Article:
Native to tropical South America, anacondas, or water boas as they’re also called are large, non-venomous snakes. Currently, there are four known species of anacondas with the green anaconda or common anaconda as it’s also referred to, being the most common.
The common anaconda is the world’s largest snake by weight and the second-longest. This snake can grow to nearly 30 feet in length and be 12 inches in girth. Some of these snakes tip the scales at well over 500 pounds with the females of the species being bigger than males.
As aquatic snakes, anacondas live in marshes, swampy areas, and along sluggish-moving streams and rivers. When they’re on solid ground, they’re slow-moving and clumsy but in the water they are deadly. An anaconda can suspend itself just under the surface of the water waiting for prey while hidden from sight. This snake’s dark green color and patterns on its body provide the ideal camouflage.
What Anacondas Eat in the Wild
In the wild, anacondas prey on many different animals including:
An anaconda can go long periods without eating and especially after consuming a large meal. This snake kills its prey by wrapping its thick muscular body around its prey and constricting until the animal dies. Many of the animals that this snake captures in the wild die from drowning as they try in vain to get loose from the snake’s powerful grip.
How a Wild Anaconda Hunts
Anacondas are fascinating creatures and especially when they’re looking for something to eat. An anaconda feels a series of vibrations in the water when there is prey nearby. This big snake can also detect specific chemicals in the air with its forked tongue and Jacobson’s organ.
Additionally, an anaconda detects heat signatures given off by potential prey using the pit organs on the top of its upper lip. An anaconda does not see or smell well but that doesn’t stop this snake from being an avid hunter thanks to its other keen senses.
What Anacondas Eat in Captivity
When kept as a pet, an anaconda must be provided with food that meets its nutritional requirements. It’s important to know that captive anacondas can refuse to eat all food except their favorite prey, so be ready for that if you keep one of these big snakes as a pet. Pet anacondas can be fed:
Another important thing to know about feeding a pet anaconda is that this snake cannot distinguish between food and its owner. When it’s hungry, an anaconda will strike at anything that moves within its range so great care must be taken when feeding an anaconda.
It’s Not Necessary to Feed a Pet Anaconda Live Prey
If you’re squeamish about the idea of feeding your pet anaconda live animals, don’t worry. An anaconda will eat a dead animal because it won’t usually turn down a free and easy meal. In fact, snake experts recommend that anaconda owners exclusively feed their anacondas pre-killed prey like thawed frozen mice and rats. This is recommended because a live animal like a rodent will fight for its life when grabbed by this big snake, which can result in an anaconda getting injured by the prey’s sharp teeth and claws.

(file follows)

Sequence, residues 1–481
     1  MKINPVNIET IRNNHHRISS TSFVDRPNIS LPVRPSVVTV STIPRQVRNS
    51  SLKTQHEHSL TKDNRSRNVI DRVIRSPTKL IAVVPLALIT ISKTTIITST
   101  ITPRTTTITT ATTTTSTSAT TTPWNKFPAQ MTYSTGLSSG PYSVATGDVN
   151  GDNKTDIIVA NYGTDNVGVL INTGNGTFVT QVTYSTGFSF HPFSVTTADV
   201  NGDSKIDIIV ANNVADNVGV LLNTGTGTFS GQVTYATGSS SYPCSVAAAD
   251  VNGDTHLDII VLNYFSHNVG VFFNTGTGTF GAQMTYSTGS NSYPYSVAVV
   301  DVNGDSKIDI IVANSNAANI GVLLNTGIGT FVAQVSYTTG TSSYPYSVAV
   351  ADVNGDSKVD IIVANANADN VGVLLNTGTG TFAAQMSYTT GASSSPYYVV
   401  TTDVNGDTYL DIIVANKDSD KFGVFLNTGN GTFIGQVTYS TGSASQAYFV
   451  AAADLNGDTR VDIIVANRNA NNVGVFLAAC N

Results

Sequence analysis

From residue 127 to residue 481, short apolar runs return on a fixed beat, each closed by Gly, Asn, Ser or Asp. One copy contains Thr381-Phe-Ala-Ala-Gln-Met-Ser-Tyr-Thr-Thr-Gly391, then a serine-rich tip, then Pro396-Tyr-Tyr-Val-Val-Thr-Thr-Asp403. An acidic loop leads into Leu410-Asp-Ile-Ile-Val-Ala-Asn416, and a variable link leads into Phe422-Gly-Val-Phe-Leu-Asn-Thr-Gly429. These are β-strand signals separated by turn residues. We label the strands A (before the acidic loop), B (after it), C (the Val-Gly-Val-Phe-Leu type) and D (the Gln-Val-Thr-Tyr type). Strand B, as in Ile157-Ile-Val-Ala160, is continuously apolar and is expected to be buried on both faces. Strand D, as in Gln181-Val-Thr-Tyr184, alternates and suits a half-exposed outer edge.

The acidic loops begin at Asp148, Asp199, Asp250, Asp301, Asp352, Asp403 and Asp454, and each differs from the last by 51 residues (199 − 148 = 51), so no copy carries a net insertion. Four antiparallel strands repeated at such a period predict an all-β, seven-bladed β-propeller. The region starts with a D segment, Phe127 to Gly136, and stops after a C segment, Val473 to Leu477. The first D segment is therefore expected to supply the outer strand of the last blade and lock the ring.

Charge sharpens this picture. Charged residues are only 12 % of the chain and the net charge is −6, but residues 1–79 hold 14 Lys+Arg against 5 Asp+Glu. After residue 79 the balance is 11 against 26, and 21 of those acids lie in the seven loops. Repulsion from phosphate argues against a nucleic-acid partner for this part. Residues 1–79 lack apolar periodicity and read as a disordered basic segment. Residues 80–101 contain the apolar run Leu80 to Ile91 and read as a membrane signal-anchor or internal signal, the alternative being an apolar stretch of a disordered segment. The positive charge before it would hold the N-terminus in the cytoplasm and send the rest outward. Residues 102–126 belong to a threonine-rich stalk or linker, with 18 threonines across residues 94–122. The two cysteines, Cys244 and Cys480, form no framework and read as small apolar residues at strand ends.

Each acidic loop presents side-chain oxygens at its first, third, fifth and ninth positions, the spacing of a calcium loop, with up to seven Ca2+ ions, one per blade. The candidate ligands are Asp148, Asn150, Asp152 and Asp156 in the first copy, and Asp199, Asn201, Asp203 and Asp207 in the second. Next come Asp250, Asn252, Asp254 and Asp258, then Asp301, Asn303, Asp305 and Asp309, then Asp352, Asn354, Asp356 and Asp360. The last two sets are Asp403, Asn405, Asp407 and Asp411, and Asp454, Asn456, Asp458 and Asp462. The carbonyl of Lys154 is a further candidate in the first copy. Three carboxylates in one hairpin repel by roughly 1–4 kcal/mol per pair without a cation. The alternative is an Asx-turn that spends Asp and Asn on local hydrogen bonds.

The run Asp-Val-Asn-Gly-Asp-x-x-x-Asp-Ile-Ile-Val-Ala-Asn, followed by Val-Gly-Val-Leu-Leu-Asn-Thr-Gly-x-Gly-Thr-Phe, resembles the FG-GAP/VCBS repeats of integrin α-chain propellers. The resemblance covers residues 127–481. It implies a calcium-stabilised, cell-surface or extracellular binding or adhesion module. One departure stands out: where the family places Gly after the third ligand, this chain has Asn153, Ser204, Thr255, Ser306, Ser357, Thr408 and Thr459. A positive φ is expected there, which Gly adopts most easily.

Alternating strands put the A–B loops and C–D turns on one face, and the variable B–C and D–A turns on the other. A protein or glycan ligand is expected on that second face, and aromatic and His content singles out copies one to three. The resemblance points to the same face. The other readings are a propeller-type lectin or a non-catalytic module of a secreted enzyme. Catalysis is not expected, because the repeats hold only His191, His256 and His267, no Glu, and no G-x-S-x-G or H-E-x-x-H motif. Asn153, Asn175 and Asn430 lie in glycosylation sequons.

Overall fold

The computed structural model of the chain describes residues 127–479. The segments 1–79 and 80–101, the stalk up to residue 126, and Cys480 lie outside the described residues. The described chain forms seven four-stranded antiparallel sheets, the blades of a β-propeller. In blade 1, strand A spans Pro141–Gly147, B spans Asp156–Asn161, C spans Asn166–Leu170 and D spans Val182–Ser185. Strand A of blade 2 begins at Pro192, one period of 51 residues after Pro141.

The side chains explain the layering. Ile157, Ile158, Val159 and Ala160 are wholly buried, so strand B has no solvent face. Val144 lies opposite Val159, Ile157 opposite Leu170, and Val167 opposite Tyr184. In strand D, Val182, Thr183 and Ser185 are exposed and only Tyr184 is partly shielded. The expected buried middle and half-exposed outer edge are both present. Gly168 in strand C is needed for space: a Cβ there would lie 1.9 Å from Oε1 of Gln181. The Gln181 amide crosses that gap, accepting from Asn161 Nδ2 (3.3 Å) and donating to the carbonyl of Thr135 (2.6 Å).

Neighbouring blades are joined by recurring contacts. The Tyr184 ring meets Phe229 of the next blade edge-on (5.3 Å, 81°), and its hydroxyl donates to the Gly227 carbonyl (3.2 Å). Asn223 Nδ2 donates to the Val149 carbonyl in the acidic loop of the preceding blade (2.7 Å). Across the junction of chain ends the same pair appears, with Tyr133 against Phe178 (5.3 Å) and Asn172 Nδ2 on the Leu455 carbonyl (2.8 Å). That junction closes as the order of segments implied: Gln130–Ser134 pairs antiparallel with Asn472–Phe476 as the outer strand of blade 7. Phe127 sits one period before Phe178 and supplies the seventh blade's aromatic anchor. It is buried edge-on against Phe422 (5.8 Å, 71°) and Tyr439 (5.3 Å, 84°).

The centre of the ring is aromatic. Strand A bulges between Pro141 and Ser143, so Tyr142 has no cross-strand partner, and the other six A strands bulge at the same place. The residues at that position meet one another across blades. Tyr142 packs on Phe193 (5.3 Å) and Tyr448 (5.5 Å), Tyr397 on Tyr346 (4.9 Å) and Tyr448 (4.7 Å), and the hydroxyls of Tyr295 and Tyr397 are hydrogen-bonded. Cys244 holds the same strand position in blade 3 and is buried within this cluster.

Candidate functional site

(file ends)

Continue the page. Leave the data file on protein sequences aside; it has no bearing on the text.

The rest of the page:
Because anacondas prey on moving animals in the wild, feeding a pet anaconda requires a little trickery on your part. Simply use a pair of long-handled tongs or forceps to hold the prey by the tail and dangle it a few inches from the anaconda’s face. After exploring the prey with its tongue, the anaconda will grab the food and start constricting it. If your pet anaconda doesn’t take the prey, touch the prey to the snake’s nose to trigger its feeding response.
Because anacondas sold as pets are captive-bred, most will prefer eating pre-killed food because that’s the only food they have access to. Of course, you can feed a pet anaconda live prey if you’d like. Just be careful and stay out of your snake’s range so it doesn’t think you’re the prey!
How Often to Feed a Pet Anaconda?
A young pet anaconda should be fed small animals like mice and birds about once every four days. As it grows larger, it should get food like rats, small pigs, and rabbits about once every seven to ten days. You’ll know when your anaconda doesn’t need food when it refuses to eat its favorite prey.
As stated earlier, an anaconda doesn’t know the difference between you and its prey so use caution when feeding your pet snake. Anacondas have four rows of backward-pointing teeth they use to grasp their prey and those teeth are sharp! And don’t forget that dead animals rot quickly so be sure to remove any uneaten prey from your snake’s enclosure.
Anacondas are massive snakes that many people find fascinating. If you’re thinking of keeping an anaconda as a pet, learn all you can about these snakes before buying one. This big snake needs a large enclosure and must be fed a consistent, protein-rich diet to ensure it can live a long and healthy life. In captivity, this snake can live up to 30 years which is much longer than it can live in the wild which is about 10 years.
Featured Image Credit: blende12, Pixabay